And Karsten — well, what can I possibly say about Karsten that does him justice? After losing his mother seven months ago, I’m sure it’s suffocating for him to be in an environment where the reality of parental death is thick in the air. But he knows I need him with me, and he’s there for me. We’re in this together, after all, and thank whatever gods there may be for that. This man is like oxygen to me — I simply can’t imagine breathing without him. Especially not right now. And he’s consistently the one person who can relax me, who can always make me laugh, with whom I can just walk and walk and walk for hours and talk about anything or talk about nothing — and it’s the only kind of therapy that could possibly do me any good right now. He soothes my soul.

So there it is, in a nutshell. The cast of characters, the somber scene, the barely-crawling pace of it all. It’s draining as hell, and I feel like I’m in limbo no matter where I am, but I’m trying to make the best of it and find the moments of levity, the revelations of truth, the opportunities to draw closer with the people from whom I’ve moved away so many times — and trying to laugh and love as much as possible at all times. I think that’s all there is to do. I think that’s all there is for any of us to do.

Health and happiness to you all. I’ll update again when I can.

Heard of the “Jennings effect”?

Thursday, August 18th, 2005

Apparently, smoking cessation programs all across the USA are experiencing higher than normal volumes of phone calls and involvement from people who want to quit smoking in the wake of Peter Jennings’ death from lung cancer.

Yes, we’re obsessed with celebrities, and yes, it’s kind of eye-rollingly silly that it takes someone like Peter Jennings dying from a smoking-related disease to kick off this trend, but hey, whatever works, I’m absolutely for it.

Personally, in the eight-and-a-half years since I kicked the habit of smoking cigarettes, I’ve probably smoked about twenty cigarettes at parties and in other social contexts, but I’m determined to make it a far smaller quantity over the next eight-and-a-half years. The fewer, the better.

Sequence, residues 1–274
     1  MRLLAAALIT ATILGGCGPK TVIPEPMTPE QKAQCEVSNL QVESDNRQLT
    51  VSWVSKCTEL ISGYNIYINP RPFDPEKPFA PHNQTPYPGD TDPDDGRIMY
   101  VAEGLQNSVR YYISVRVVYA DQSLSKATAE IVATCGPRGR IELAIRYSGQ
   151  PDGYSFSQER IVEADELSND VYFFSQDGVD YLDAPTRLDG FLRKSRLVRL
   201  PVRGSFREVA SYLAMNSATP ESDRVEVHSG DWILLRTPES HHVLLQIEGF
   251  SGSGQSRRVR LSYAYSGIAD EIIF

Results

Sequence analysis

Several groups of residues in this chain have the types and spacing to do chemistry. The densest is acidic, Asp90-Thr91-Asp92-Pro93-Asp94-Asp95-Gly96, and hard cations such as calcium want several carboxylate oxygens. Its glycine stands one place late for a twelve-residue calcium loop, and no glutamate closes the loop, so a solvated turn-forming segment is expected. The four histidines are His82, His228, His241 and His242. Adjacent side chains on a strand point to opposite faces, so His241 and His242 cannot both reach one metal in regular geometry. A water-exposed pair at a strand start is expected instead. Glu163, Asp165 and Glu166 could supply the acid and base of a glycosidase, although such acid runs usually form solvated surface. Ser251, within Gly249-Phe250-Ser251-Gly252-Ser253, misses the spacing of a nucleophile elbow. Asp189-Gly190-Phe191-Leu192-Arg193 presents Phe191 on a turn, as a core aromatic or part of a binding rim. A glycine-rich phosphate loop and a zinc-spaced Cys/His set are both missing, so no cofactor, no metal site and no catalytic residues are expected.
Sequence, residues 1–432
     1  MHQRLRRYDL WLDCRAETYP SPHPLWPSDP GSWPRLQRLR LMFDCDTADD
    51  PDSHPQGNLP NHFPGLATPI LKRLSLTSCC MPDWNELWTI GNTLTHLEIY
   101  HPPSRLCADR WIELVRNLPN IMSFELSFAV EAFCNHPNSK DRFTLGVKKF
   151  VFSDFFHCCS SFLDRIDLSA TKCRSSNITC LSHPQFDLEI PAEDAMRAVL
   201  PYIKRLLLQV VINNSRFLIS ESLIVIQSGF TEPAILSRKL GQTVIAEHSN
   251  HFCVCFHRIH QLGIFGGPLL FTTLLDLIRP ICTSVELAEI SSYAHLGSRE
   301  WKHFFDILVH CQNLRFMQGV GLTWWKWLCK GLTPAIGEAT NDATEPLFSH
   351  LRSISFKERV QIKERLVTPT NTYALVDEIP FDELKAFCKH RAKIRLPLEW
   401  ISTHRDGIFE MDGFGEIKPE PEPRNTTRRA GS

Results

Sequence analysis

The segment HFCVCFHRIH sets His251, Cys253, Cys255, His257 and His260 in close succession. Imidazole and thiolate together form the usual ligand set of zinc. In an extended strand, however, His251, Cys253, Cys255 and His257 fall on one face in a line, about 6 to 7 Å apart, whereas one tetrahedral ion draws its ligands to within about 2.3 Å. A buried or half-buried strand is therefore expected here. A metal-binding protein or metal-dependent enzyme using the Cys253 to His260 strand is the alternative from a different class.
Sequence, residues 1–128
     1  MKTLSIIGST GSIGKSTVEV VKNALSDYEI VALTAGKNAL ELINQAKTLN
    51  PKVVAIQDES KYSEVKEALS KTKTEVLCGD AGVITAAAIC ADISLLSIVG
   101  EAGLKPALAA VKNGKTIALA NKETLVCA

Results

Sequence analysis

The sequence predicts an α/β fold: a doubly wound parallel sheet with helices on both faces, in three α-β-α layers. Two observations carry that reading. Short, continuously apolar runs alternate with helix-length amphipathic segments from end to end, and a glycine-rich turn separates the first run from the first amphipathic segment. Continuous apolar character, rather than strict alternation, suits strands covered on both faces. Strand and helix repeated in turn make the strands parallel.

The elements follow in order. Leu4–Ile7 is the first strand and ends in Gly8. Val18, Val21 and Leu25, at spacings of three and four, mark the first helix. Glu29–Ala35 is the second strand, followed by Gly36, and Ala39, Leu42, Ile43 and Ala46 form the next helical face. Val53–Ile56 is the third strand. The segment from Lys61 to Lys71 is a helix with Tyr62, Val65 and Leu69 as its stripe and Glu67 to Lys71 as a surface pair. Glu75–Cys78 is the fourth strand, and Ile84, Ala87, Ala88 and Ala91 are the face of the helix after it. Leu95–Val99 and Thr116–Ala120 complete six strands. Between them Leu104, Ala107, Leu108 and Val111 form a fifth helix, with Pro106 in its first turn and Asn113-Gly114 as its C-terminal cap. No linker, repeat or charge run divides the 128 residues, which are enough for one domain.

How about any of you? Still smoking? Thinking of quitting? There’s no time like the present.

What I can tell you is this: quitting won’t be easy — nowhere near as easy as lighting up. And you may fail the first few times you try to quit. I certainly did. It took me 12 attempts to really kick the daily habit. But with each failed attempt, the key is to determine what made you fail, and figure out how to counteract that the next time you try to quit. For me, most of the obstacles were routines in which I was very comfortable and in which smoking played a relaxing part. But once I made a conscious effort to find alternatives (munching baby carrots as I walked to work, for example) or to avoid the obstacles altogether for a while (staying out of coffee shops late at night, where I would drink coffee and smoke cigarettes for hours), I began to find the cravings much easier to overcome.

You will, too.

I can also tell you this: they say healing begins right away, but some things take time. Although I could run and play sports just fine while I was smoking, for several years after I quit smoking, I had a terrible time breathing while playing sports or running. I had very little endurance whatsoever. That must have been my lungs really putting an effort into healing themselves, because now I’m a stronger runner than ever, and I can run for hours without feeling winded.

You can get through it, too.

If you’re ready, please give it a try. If you’re smoking now, you’ll be through the worst of it and ready to enjoy your new, smoke-free life within weeks or maybe a few months. Imagine the Christmas season (or Hanukkah or Kwanzaa or Solstice or whatever you’ll celebrate) this year, when you’re feeling healthier than ever, and knowing that you’re well on your way to reducing your risks of coronary disease and lung cancer.

Wouldn’t that be a nice gift to give yourself?